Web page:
• • • • • o One Erlang: traffic in a channel completely occupied. o 0.5 Erlang: channel occupied 30 minutes in an hour. Set-Up Time: time to allocate a channel. Blocked Call: Call that cannot be completed at time of request due to congestion. Also referred to as Lost Call. Holding Time: (H) average duration of typical call. Load: Traffic intensity across the whole system. Request Rate: (λ) average number of call requests per unit time. Grade of Service (GoS): • • • The grade of service (GoS) is the measure of the ability of a user to access a trunked system during the busiest hour. it is a benchmark used to define the desired performance of a particular trunked system by specifying a desired likelihood of a user obtaining channel access given a specific number of channels available in the system. GoS is typically given as the likelihood that a call is blocked or the likelihood of a call experiencing a delay greater than a certain queuing time. There are two types of Trunked System: ❖ Blocked Calls Cleared ❖ Blocked Calls Delayed Blocked Calls Cleared: It provide no queuing for call request to Every user who requests service, it is assumed there is no setup time and the user is given immediate access to a channel if one is available. If no channel is available, the requesting user is blocked without access and is free to try later. Assumption in Trunked System: Memoryless arrival of requests: all users plus blocked users may request a channel at a time. The probability of a user occupying a channel is exponentially distributed i.e. longer calls are less likely to occur there are finite number of channels available in the trunking pool. This is known as M/M/m queue and it leads to Erlang formula known as Blocked calls clear formula or Erlang B Formula. It determines the probability that a call is blocked and is a measure of the GoS for a trunked system which provides no queuing for blocked calls. Where C=the no of trunked channel A=total offered traffic Blocked Calls Delayed: • • • Here queue is provided to hold calls which are blocked. If channel is not available immediately, the call request may be delayed until a channel becomes available. The measures of GoS is defined as the probability that a call is blocked after waiting a specific length of time in queue. To find GoS, it is necessary to find the likelihood that a call is initially denied access to the system.

Text from page-4

• • • • The likelihood of a call not having immediate access to a channel is determined by the Erlang C formula. If no channels are immediately available the call is delayed and the probability that the delayed call is forced to wait more than t second is given by the probability that a call is delayed, multiplied by the condition probability that the delay is greater than t. Trunking efficiency is a measure of the number of users which can be offered a particular GoS with a particular configuration of fixed channels. The 10 channels trunked together support 60% more traffic at a specific GoS than two 5 channel trunks. Improving capacity in cellular Systems Different cellular design techniques are used to provide more channels per unit coverage area. The techniques are: 1. Cell splitting 2. Sectoring 3. Coverage zone approaches/ microcell zone concept The cell splitting increases the number of base stations in order to increase capacity. The sectoring and zone microcells rely on base station antenna placements to improve capacity by reducing co-channel interference. Cell splitting: ✓ Cell splitting is the process of subdividing a congested cell into smaller cells, each with its own base station and a corresponding reduction in antenna height and transmitted power. ✓ It increases the capacity of a cellular system as it increases the number of time that channels are reused. ✓ The smaller cells called microcells are installed in between the existing cells and hence the capacity increases due to additional number of channels per unit area. ✓ Here each microcell is having half the radius of the original cell. ✓ The cells are splitted in such that it will preserve the frequency reuse plan of the system. ✓ For new smaller cell, the transmitted power of these cells must be reduced. ✓ It is necessary to ensure that the frequency reuse plan for the new microcells behaves exactly as for the original cells. Sectoring: ❖ In this approach, the capacity is increased keeping the cell radius unchanged and decrease the D/R ratio. ❖ The capacity improvement is achieved by reducing the number of cells in a cluster and thus increasing the frequency reuse ratio. ❖ To achieve this it is necessary to reduce the relative interference without decreasing the transmit power. ❖ The co-channel interference in a cellular system may be decreased by replacing a single Omni-directional antenna at the base station by several directional antennas, each radiating within a specified sector. ❖ Illustration of cell splitting within a 3k by 3km square centered on base station. ❖ The technique for decreasing co-channel interference and thus increasing system capacity by using directional antennas is called as sectoring.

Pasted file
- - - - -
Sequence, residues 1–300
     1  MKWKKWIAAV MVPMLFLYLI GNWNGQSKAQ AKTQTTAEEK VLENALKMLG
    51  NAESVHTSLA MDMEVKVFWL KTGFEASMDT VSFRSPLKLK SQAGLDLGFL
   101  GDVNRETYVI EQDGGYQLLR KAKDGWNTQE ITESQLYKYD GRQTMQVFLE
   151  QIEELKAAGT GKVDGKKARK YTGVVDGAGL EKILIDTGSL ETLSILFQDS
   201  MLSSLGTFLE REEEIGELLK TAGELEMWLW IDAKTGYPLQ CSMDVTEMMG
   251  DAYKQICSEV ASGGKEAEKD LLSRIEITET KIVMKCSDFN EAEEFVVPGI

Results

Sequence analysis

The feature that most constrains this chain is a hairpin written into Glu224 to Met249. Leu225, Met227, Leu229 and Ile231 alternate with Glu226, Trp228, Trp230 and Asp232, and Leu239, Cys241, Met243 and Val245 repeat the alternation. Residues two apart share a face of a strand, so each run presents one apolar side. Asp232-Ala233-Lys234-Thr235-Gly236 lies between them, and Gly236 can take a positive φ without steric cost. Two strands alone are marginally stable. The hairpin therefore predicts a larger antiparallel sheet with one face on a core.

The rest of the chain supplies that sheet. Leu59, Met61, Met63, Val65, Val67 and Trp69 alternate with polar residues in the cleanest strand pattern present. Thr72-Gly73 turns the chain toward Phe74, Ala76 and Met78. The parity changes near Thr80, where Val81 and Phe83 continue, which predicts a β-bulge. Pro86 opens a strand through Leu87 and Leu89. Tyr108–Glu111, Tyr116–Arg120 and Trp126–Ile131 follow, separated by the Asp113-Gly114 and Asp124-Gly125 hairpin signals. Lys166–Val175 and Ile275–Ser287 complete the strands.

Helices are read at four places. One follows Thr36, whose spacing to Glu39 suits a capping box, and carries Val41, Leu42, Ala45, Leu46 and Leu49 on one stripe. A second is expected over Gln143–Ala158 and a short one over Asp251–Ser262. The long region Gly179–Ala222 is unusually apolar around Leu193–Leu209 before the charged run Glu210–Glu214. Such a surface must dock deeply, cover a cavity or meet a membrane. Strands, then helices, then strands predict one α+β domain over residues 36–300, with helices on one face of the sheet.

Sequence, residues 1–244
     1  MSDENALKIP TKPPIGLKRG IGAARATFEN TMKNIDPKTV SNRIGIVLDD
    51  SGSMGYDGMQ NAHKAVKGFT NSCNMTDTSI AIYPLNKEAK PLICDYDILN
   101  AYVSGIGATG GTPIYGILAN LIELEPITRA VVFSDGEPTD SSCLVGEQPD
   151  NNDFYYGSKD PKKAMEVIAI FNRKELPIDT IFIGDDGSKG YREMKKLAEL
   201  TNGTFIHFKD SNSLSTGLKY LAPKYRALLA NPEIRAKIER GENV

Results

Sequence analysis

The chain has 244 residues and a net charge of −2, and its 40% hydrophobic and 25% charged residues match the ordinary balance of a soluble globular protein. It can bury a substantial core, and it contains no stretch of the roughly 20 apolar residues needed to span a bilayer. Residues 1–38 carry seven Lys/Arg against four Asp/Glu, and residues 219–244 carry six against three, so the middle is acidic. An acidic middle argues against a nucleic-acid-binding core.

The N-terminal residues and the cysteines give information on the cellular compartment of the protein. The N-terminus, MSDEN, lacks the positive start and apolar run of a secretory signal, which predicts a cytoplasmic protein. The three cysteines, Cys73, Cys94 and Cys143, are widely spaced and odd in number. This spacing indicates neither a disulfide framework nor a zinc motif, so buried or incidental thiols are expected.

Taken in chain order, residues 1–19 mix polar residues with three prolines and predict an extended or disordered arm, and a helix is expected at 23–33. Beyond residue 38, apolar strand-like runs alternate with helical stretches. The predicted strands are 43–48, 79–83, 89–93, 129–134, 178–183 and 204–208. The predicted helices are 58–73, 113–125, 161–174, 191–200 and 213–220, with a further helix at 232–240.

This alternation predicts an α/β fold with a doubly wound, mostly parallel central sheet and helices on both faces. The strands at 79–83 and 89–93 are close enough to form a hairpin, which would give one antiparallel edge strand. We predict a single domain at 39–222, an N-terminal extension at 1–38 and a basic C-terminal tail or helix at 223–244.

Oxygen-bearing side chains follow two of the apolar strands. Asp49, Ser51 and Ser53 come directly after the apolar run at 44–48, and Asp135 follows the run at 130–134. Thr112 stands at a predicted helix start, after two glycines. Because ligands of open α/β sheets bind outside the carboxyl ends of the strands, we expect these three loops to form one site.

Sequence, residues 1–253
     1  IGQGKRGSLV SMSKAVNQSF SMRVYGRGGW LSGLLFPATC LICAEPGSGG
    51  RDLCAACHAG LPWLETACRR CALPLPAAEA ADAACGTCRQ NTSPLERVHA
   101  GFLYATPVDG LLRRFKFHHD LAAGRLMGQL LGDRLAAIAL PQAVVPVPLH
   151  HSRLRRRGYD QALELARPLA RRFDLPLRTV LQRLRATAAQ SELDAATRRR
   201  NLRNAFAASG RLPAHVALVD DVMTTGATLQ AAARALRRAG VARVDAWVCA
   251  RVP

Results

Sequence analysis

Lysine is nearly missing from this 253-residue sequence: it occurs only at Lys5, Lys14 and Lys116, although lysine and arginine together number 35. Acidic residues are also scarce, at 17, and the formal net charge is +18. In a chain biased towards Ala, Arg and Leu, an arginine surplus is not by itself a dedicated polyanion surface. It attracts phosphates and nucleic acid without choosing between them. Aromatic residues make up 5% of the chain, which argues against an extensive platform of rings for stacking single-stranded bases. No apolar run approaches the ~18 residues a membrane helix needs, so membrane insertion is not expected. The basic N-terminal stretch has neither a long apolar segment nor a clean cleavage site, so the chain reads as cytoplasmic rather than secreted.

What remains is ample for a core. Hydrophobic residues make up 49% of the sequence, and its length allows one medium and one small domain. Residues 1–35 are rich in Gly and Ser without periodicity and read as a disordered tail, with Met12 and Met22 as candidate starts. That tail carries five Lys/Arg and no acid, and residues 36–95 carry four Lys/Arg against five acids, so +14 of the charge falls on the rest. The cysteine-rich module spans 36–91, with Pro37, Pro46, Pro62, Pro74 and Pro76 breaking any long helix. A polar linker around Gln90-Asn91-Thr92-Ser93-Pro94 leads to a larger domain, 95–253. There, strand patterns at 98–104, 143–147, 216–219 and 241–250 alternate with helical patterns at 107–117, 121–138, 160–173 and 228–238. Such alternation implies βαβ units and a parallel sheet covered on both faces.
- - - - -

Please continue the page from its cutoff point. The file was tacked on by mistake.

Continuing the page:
Lecture Notes